I'm still haunted by what I saw when I visited the region in March: a desert speckled with fresh graves of humans and the corpses of donkeys, the empty eyes of children who saw their fathers killed, the guilt of parents fumbling to explain how they had survived while their children did not.
The refugees tell of sudden attacks by the camel-riding Janjaweed Arab militia, which is financed by the Sudanese government, then a panic of shooting and fire. Girls and women are routinely branded after they are raped, to increase the humiliation.
One million Darfur people are displaced within Sudan, and 200,000 have fled to Chad. Many of those in Sudan are stuck in settlements like concentration camps.
I've obtained a report by a U.N. interagency team documenting conditions at a concentration camp in the town of Kailek: Eighty percent of the children are malnourished, there are no toilets, and girls are taken away each night by the guards to be raped. As inmates starve, food aid is diverted by guards to feed their camels.
The standard threshold for an "emergency" is one death per 10,000 people per day, but people in Kailek are dying at a staggering 41 per 10,000 per day — and for children under 5, the rate is 147 per 10,000 per day. "Children suffering from malnutrition, diarrhea, dehydration and other symptoms of the conditions under which they are being held live in filth, directly exposed to the sun," the report says.
"The team members, all of whom are experienced experts in humanitarian affairs, were visibly shaken," the report declares. It describes "a strategy of systematic and deliberate starvation being enforced by the GoS [government of Sudan] and its security forces on the ground." (Read the 11-page report here.)
Demographers at the U.S. Agency for International Development estimate that at best, "only" 100,000 people will die in Darfur this year of malnutrition and disease. If things go badly, half a million will die.
This is not a natural famine, but a deliberate effort to eliminate three African tribes in Darfur so Arabs can take their land. The Genocide Convention defines such behavior as genocide, and it obliges nations to act to stop it. That is why nobody in the West wants to talk about Darfur — because of a fear that focusing on the horror will lead to a deployment in Sudan.
But it's not a question of sending troops, but of applying pressure — the same kind that succeeded in getting Sudan to the north-south peace agreement. If Mr. Bush would step up to the cameras and denounce this genocide, if he would send Colin Powell to the Chad-Sudan border, if he would telephone Sudan's president again to demand humanitarian access to the concentration camps, he might save hundreds of thousands of lives.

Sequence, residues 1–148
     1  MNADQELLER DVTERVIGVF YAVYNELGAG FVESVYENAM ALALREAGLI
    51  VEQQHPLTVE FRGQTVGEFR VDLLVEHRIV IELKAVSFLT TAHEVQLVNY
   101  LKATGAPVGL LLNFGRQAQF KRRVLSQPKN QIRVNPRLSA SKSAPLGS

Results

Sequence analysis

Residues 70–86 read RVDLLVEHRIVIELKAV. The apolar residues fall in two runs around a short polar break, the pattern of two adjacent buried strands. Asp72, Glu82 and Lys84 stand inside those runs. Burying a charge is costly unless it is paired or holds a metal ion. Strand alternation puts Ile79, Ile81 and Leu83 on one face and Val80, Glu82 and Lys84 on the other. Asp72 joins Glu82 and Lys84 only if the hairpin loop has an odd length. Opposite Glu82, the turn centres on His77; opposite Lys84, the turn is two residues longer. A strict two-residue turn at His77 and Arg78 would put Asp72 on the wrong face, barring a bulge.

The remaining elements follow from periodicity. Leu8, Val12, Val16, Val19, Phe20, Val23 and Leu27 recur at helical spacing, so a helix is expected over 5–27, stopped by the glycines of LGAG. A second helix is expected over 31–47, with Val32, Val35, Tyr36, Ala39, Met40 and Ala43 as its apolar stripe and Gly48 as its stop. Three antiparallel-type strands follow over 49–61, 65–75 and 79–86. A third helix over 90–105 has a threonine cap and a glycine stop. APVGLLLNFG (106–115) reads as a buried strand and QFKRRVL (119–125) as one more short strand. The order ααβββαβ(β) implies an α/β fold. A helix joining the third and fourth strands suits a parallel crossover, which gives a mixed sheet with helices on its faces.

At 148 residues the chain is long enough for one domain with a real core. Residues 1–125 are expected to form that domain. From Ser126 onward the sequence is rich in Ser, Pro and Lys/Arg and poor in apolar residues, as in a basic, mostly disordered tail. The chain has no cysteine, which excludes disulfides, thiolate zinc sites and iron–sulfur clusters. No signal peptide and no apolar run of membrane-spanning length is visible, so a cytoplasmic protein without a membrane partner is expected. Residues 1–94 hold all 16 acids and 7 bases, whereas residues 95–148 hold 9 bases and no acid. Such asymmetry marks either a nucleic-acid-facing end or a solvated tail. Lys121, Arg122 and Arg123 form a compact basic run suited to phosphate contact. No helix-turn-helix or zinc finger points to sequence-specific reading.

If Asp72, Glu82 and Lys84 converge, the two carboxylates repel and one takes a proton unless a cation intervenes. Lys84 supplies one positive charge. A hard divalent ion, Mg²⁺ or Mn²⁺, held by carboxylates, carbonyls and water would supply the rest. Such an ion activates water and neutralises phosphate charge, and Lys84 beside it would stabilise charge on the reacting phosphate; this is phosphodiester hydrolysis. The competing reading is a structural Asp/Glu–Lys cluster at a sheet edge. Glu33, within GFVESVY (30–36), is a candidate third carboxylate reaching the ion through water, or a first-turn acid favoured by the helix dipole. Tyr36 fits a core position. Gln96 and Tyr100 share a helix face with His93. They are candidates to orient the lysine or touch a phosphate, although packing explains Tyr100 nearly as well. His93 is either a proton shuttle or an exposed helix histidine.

Yet while Mr. Bush has done far too little, he has at least issued a written statement, sent aides to speak forcefully at the U.N. and raised the matter with Sudan's leaders. That's more than the Europeans or the U.N. has done. Where are Tony Blair and Jacques Chirac? Where are African leaders, like Nelson Mandela? Why isn't John Kerry speaking out forcefully? And why are ordinary Americans silent?
Islamic leaders abroad have been particularly shameful in standing with the Sudanese government oppressors rather than with the Muslim victims in Darfur. Do they care about dead Muslims only when the killers are Israelis or Americans?
As for America, we have repeatedly failed to stand up to genocide, whether of Armenians, Jews, Cambodians or Rwandans. Now we're letting it happen again.
These are real people, same as you and me, with sons and daughters, mothers and fathers, aunts, uncles, cousins, things to say and things to contribute. What would you have them do were your and their situations reversed?
Read The Rest Scale: 0 out of 5; that's the whole thing save for opening line.
AS A STAUNCH LIBERTARIAN -- no, wait, that's not right. But what's wrong with this logic?
Michael Badnarik, a computer programmer from Texas, won the Libertarian Party's presidential nomination on Sunday.
Badnarik, 49, of Austin, defeated former Hollywood movie producer Aaron Russo on the convention's third ballot, after former radio host Gary Nolan, who was eliminated on the second ballot, endorsed Badnarik.
"If I can win the nomination, there's no reason I can't win this election," Badnarik told a cheering convention that drew more than 800 delegates.
Sure, fella. I think the market is definitely going to decide this one.